I am in the camp that if at all possible, avoid using a lav mic (the ones that clip on their shirt) as is is less professional looking. Especially if you’re shooting someone in a suit, having an awkward mic/cord right there isn’t as put together looking.  also, speaking of awkward, micing someone up with a lav mic can be just that, especially if the subject is not used to this procedure.  it’s a major “bubble” infringement for some.  You can also run into other problems such as where to clip it.  perhaps the subject is wearing a tshirt? or its a lady and has a blouse that doesn’t button up the front? now you have to scrunch the fabric together in order to clip the mic on and that just looks bad.

For slightly more money, and a little more hassle for use behind the cameras, you can get a shotgun microphone.  These are great because their sound is usually superior to that of a lav mic, and it’s not in the shot at all! One of the drawback to this kind of microphone though is if your subject is moving, as in walking.  then it is difficult to keep the mic where it needs to be to pick up the vocals.


The next thing you want to consider when shooting an interview is the background of the subject.  Now the most common thing to do, especially in a corporate world, is to shoot the subject with a bustling workspace behind them, full of people working at their cubes and moving about.  I would highly encourage you to NOT DO THIS!  Unless you’re going for the infomercial vibe, it’s nothing special.  And it is insanely overused, so by all means, if you can, avoid it!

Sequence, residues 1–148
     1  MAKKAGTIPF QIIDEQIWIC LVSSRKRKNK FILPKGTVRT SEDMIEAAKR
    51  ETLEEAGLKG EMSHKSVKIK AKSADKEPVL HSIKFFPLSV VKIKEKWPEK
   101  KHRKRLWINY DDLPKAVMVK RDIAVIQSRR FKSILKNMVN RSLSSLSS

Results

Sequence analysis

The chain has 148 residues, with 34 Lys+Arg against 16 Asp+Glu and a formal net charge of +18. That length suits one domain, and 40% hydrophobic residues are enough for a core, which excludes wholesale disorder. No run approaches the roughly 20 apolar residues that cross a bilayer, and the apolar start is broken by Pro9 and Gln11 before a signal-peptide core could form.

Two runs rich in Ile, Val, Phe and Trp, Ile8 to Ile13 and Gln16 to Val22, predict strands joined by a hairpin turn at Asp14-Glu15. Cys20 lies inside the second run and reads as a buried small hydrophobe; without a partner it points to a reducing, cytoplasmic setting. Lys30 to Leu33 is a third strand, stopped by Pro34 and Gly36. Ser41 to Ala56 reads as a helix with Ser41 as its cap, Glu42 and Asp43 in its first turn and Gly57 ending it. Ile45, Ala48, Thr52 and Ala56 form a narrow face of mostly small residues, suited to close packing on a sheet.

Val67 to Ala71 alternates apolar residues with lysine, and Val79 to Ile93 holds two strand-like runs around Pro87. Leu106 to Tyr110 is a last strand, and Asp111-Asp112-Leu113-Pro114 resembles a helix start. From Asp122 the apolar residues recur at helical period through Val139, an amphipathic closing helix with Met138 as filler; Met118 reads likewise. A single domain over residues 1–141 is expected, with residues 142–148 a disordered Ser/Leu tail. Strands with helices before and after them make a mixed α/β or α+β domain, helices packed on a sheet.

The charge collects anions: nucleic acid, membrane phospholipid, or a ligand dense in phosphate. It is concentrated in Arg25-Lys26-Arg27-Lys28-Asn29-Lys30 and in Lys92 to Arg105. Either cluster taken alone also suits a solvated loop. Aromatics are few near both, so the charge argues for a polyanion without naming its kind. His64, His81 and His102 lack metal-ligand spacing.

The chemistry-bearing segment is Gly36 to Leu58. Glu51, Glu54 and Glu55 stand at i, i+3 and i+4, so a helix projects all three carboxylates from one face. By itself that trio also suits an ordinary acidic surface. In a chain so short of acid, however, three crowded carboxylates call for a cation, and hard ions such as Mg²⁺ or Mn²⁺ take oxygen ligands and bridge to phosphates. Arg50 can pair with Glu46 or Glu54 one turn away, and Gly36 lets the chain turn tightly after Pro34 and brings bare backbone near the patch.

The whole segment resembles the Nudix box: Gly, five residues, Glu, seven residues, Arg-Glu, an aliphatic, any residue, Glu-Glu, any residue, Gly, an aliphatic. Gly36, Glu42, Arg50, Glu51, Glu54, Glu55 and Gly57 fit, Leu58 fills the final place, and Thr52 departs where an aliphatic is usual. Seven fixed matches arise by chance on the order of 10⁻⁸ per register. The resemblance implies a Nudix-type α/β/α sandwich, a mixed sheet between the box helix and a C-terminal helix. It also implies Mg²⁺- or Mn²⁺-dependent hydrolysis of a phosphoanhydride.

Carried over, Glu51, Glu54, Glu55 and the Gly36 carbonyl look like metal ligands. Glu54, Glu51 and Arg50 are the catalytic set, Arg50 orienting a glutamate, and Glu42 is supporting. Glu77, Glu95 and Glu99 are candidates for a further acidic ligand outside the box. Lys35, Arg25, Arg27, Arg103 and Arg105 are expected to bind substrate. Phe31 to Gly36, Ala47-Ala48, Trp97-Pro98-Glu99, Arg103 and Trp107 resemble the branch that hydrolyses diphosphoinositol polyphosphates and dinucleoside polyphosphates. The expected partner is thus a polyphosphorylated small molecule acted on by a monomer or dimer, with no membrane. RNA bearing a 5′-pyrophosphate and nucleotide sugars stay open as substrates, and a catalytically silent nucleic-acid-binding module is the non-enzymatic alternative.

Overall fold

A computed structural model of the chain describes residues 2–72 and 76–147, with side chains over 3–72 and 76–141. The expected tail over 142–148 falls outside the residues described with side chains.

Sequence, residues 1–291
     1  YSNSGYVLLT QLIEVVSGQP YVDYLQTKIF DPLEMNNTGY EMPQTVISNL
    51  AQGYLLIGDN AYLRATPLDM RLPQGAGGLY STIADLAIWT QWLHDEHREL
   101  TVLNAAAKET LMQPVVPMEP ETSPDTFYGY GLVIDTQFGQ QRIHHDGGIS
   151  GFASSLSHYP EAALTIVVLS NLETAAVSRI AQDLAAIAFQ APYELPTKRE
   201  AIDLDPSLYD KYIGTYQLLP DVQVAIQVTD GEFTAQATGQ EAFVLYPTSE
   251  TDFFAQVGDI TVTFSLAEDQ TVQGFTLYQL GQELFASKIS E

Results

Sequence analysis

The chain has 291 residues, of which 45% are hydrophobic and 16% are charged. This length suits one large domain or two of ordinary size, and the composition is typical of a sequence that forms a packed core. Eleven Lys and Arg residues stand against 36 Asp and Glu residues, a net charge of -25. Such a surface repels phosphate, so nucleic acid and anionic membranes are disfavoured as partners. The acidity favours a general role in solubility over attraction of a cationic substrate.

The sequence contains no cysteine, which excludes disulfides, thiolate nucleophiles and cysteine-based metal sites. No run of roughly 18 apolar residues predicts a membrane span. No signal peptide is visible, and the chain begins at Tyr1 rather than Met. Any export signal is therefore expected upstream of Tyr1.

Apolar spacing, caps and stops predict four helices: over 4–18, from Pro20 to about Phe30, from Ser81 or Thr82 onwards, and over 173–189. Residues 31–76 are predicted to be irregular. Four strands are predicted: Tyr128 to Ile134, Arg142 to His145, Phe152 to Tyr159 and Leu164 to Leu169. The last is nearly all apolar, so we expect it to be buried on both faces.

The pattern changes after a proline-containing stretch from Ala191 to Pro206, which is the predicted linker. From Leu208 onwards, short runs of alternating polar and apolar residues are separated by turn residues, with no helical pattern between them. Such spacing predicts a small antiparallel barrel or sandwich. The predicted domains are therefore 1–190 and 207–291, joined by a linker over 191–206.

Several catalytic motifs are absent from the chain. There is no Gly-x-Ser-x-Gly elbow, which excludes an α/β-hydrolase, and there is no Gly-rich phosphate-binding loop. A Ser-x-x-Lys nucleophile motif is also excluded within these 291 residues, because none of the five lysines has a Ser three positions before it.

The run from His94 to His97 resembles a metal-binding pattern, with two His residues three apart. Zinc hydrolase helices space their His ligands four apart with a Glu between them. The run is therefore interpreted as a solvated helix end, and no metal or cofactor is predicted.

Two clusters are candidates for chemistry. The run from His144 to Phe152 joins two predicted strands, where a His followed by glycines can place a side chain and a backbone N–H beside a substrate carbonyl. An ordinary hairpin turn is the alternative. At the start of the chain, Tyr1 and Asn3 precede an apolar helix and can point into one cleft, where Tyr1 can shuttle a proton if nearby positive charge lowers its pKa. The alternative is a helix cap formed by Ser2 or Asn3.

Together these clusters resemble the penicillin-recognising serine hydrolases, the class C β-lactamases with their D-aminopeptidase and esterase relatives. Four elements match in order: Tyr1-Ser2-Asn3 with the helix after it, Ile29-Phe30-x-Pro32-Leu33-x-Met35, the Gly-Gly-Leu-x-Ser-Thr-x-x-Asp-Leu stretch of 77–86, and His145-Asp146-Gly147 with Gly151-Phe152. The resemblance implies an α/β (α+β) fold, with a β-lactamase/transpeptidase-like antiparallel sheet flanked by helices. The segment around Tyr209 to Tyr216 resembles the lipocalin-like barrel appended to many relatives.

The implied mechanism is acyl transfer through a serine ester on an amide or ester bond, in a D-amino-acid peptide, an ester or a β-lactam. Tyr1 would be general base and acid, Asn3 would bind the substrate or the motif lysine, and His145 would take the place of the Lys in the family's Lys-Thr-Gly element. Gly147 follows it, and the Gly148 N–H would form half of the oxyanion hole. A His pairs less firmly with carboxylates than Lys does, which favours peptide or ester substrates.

It would be much better to go to a park so you have greenery… trees, grass, bushes, behind the subject.  Remember they will be blurred out, so find something with an interesting but not incredibly busy background.

A wood-paneled wall is awesome, a cool looking commonplace in the office… these kinds of things.  and if you don’t have anything super stunning, figure out how to spice it up! Throw a plant or something else that will give it color in the background.  I once shot in a large room that is used as a yoga studio.  It was an extremely bland room… blah carpet, a few windows… nothing special, but the subject really wanted to shoot in there on a yoga mat.  So, i grabbed a bunch of the multicolored yoga blocks and just started throwing them on the ground behind her… in a “random” arrangement… it just added some color pops which helped break things up.  get creative with it, have fun!


I get a lot of questions on how I do videography. and if you’ve read my series on Photography tips, then this will be familiar to you.

One of the key parts of shooting a video is the background.  It’s a strange thing if you think about it, really.  For the purpose of this post, I’ll be discussing shooting an interview style video.  For this type of video, you usually will want to have a lot of bokeh, and the way to do that is to get a zoom lens and back up from your subject as much as possible so that you can zoom in as much as possible. this creates that beautiful natural blurred effect in the background of the subject, which in turn makes your subject “pop” right off the screen!

An easy way to get this is to back far away from the subject and then zoom all the way in with your zoom lens (200mm+ for best effect) and then set your aperture low so that your depth of field is small.

PHOTOGRAPHY TIPS 6: Lightroom or Photoshop?